That leaves Phil Bickford, who is out of options, and Andre Jackson as the final pitchers on the 40-man roster in addition to non-roster invitees Wander Suero, Tayler Scott and Tyler Cyr. Time might be running out for Bickford, as it seems the Dodgers have better options in the bullpen than the 27-year-old coming soon, if not already available. The 50 1/3 innings with a 2.50 ERA/3.57 FIP in 2021 was followed by 61 innings of a 4.72 ERA/4.26 FIP in 2022. Jackson’s 10 strikeouts to 1 walk in 7 2/3 innings this spring has outpaced Bickford’s 3 strikeouts to 2 walks in 6 1/3 innings. Jackson has one option remaining, though the 26-year-old (27 on May 1) struck out 9 in 9 2/3 innings across four games at the end of the 2022 season. To me, Jackson’s change-up is better than anything Bickford can offer out of the bullpen right now after he leaned heavily on the pitch (53.8% with a -2.4 RV/100) in his brief appearance in the majors to end 2022.
It seems like it would come down to one of the lefties or possibly Suero to knock Bickford off the roster. Suero has struck out 7 strikeouts to 0 walks in the spring with a 1.35 ERA across 6 2/3 innings, but was available as a non-roster invite after his 6.08 ERA in 23 2/3 Triple-A innings last season.
I assume they will stick with Bickford for now, but when Gonsolin’s return pushes Pepiot or Grove to the bullpen, or Nelson and/or Hudson return from the IL, it would seem he’s on the chopping block, especially if Jackson can find his command out of the bullpen.
Unfortunately, Lux’s injury opened up a spot in the field for a team that honestly looked pretty locked in back in late February. The Dodgers still have five position playing non-roster invitees in camp, with three of those coming behind the plate after they optioned Yonny Hernandez yesterday. With 12 of the likely 13 spots accounted for, this seems to come down to taking one of James Outman or one of the defense-first outfielders in Steven Duggar or Bradley Zimmer. The other three position players remaining are Drew Avans, Hunter Feduccia and Luke Williams. Avans is very unlikely to make the team, while Feduccia — despite a strong showing at the plate (.389/.542/.778) — is ticketed for Oklahoma City. Williams’ versatility plays in his favor, but he also seems unlikely to overtake Duggar, Outman or Zimmer.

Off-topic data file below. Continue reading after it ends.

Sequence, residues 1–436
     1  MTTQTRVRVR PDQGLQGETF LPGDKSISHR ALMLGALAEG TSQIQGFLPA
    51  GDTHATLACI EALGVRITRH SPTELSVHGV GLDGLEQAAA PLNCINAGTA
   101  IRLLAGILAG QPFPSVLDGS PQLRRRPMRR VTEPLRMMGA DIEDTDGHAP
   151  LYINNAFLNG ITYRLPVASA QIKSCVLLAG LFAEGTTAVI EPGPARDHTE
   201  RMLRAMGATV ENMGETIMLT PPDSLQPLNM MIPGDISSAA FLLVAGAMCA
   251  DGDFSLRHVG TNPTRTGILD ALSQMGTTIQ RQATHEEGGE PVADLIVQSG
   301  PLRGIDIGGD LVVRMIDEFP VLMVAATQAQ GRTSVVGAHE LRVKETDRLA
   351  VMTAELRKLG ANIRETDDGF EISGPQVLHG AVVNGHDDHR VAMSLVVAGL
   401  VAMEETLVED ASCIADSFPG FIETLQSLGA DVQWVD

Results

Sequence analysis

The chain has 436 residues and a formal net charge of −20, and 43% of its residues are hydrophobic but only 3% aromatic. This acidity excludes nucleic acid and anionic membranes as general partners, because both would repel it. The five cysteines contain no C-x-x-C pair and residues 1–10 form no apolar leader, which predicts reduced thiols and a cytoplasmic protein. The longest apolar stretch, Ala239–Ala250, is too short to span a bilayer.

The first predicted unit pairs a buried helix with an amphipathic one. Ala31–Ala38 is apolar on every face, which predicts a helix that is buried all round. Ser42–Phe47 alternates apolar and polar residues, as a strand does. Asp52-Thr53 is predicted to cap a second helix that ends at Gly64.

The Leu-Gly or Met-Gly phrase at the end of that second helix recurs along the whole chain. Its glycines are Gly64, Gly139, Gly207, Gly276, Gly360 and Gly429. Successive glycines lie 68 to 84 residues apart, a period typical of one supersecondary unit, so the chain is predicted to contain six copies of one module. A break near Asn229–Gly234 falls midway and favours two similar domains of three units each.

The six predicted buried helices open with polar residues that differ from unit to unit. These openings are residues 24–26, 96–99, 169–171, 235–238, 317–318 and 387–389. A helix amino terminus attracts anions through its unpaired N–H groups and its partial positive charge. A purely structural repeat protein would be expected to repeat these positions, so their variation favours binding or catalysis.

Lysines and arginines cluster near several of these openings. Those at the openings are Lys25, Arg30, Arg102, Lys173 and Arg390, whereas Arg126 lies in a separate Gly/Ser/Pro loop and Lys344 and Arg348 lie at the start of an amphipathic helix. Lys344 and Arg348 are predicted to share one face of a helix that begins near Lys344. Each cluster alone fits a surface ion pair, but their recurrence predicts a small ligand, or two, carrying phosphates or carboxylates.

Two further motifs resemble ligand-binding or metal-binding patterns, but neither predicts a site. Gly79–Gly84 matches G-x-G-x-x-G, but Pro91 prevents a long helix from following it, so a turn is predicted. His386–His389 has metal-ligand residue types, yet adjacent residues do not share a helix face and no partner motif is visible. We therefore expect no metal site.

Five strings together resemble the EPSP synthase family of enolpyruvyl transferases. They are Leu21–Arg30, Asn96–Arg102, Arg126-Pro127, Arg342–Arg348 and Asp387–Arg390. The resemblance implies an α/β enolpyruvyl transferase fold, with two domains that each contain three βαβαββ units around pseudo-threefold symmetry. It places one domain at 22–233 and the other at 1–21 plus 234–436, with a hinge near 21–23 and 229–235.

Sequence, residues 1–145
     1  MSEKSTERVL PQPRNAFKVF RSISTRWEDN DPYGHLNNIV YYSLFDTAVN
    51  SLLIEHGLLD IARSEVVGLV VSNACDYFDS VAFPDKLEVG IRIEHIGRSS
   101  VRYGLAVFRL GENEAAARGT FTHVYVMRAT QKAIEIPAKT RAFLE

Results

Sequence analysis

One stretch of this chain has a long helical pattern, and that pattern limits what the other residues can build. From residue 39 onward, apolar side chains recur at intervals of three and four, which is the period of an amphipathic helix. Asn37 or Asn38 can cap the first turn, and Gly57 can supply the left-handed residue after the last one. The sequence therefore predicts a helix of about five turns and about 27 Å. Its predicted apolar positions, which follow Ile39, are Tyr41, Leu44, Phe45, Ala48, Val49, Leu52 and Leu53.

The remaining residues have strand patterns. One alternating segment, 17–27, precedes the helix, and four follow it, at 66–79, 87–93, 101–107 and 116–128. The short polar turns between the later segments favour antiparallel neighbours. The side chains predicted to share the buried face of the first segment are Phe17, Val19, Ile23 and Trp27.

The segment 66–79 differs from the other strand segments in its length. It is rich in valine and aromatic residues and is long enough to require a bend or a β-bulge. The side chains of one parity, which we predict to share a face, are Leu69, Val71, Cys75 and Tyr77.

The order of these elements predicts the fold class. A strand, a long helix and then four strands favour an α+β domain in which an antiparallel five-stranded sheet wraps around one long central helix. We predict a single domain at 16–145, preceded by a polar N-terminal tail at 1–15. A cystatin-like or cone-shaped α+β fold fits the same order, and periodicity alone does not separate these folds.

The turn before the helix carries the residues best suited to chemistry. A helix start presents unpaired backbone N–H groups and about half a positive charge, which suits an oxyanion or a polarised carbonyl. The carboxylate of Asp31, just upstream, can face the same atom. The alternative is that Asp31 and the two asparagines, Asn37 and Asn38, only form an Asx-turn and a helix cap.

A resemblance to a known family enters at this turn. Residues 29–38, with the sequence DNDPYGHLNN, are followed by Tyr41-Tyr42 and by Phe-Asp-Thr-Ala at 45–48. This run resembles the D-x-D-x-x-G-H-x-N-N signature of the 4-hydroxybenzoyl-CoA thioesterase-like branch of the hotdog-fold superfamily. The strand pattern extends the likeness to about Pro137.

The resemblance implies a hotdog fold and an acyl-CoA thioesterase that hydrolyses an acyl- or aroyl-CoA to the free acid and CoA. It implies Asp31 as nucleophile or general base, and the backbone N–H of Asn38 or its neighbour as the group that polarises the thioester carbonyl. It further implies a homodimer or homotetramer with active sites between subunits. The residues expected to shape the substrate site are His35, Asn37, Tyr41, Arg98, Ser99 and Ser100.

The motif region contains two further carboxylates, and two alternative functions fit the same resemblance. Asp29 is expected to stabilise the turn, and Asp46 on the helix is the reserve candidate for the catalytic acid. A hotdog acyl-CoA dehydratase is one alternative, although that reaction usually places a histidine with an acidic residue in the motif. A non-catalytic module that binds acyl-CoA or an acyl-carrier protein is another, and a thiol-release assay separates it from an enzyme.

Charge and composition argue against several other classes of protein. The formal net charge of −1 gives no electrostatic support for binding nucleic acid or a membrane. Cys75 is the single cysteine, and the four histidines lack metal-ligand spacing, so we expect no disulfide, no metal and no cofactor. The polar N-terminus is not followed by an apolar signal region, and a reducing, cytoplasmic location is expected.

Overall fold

Outman has hit the best of the outfield group this spring, hitting .289/.378/.553 with 2 home runs and a 5:13 BB:K. He has out-hit all of Duggar (.156/.308/.281), Heyward (.220/.304/.415) and Zimmer (.276/.417/.345) this Spring, but he has minor-league options, and that is a big factor when it comes to Opening Day roster decisions. All the numbers are really irrelevant, as the Dodgers have made it pretty clear Heyward is going to be on the roster. Chad mentioned a few days ago Roberts’ quote saying it is a “safe bet” Heyward will be on the team, which could Duggar and Zimmer on the outside.
Personally, it seems clear the outfield will be where another bat is needed given Heyward’s recent history and a Spring that cooled off over the past few weeks, in addition to the struggles of Thompson, who is hitting .083/.267/.125 with 6 walks and 9 strikeouts in his 10 spring games. While with Great Britain at the World Baseball Classic, Thompson did finish with a .214/.353/.500 line in 14 at-bats, but struck out 7 times to 3 walks. Add in Taylor’s .119/.245/.190 spring after a rough 2022 and you realize (as most people already knew entering the Spring) the outfield is basically Betts and whatever they can get out of Peralta (who they only added in mid-February) in a platoon, followed by a trio of question marks.
I still lean Outman being the logical pick for the final spot, with Taylor seeing more time in the infield this year after seeing his innings in the infield shrink to 170 at second, 4 at third and 1 at short in 2022 compared to 777 in the outfield.